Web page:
Holloway, who was in front of me, took note of the danger, then fell off his bike and skidded down the last few feet on his shoulder, with his handlebar stabbing painfully into his knee. We sat on a rock wall and watched him take stock, pleased at having ruined the lucrative Euro 6-day season of America’s top rider without having done hardly any injury to ourselves. Apparently, though, he was going to live, although a giant, 4-inch, purple bruise-welt-charley-horse on his knee was growing larger by the second.

“If we call Life Flight,” I said, “you’ll at least set the KOM going back up.”

We rode through the old Nazi camp and over a trail filled with giant shards of razor shale, then climbed a twisty, steep wall back up to Sullivan Ridge, then rode to the ICBM site, then continued down the dirt trail until it dumped out at Mandeville. When we returned to Manhattan Beach we parked at Brewco and fought the recession with several well-timed beer purchases and plates of nachos.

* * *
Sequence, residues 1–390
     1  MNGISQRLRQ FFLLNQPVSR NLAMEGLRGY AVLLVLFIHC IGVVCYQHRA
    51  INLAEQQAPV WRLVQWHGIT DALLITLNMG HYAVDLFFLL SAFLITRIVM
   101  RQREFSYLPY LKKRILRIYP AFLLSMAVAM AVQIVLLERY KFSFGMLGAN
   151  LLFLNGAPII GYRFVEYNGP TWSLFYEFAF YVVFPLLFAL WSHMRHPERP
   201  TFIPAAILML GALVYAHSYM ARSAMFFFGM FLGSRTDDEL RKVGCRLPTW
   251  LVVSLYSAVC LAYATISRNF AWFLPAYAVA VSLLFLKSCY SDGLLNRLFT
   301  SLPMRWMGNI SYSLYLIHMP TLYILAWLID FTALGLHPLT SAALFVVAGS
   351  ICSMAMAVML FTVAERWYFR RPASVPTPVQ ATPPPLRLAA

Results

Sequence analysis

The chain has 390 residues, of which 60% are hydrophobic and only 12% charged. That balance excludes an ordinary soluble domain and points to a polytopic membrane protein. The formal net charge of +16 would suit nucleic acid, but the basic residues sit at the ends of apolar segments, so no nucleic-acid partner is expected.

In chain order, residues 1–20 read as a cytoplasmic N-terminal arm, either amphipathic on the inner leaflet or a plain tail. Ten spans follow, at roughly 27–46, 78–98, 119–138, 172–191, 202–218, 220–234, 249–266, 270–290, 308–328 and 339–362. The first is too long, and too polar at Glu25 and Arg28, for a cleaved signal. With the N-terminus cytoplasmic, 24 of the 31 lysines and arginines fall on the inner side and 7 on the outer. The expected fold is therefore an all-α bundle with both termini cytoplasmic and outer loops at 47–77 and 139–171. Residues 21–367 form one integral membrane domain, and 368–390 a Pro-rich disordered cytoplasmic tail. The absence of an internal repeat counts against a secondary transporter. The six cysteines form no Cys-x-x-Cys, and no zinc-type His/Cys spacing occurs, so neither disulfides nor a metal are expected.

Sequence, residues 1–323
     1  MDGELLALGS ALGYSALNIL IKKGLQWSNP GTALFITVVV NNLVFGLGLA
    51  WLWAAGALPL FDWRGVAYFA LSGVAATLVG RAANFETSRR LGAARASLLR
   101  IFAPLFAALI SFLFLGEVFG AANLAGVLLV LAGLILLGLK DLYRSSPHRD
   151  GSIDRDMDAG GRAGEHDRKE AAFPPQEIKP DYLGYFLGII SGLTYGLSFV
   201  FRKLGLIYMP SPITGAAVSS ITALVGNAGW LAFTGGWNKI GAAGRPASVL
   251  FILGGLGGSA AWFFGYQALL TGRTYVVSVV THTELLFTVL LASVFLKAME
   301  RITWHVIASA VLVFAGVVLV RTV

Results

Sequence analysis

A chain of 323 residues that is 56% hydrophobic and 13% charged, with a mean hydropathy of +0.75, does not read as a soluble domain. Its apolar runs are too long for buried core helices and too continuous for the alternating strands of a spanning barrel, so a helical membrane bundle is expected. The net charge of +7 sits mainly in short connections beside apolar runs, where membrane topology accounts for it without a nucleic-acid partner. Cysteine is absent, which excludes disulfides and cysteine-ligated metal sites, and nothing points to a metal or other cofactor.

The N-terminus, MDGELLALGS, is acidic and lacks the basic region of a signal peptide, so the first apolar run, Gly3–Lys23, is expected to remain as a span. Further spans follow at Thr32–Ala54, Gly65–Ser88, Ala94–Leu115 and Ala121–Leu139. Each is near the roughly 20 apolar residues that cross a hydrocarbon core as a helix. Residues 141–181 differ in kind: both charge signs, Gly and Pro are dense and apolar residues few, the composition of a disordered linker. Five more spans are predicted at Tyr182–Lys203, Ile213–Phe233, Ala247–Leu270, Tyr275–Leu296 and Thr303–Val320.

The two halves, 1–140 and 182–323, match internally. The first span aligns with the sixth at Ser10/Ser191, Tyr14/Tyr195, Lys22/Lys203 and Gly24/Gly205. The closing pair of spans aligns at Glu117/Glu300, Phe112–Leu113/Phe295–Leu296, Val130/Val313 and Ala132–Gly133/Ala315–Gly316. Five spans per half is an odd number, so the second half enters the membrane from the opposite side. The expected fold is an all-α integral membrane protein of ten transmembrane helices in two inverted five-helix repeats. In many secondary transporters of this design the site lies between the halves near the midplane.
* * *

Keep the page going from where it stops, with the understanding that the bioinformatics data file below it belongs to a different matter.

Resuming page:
Through it all, Holloway was good-natured, and didn’t seem bothered that we had ruined his career by taking him down a path that no sane person would have done on a road bike. He was a professional, friendly guy who exuded friendliness and goodwill.

Now that is a champion.

END

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805 Crit Series review

May 14, 2014 § 8 Comments

The big weekend has come and gone. Three days of racing, big prizes, bigger wind, and top shelf competition have left their mark on the SoCal racing season. In many ways, it’s been a great mark. In others, not so much.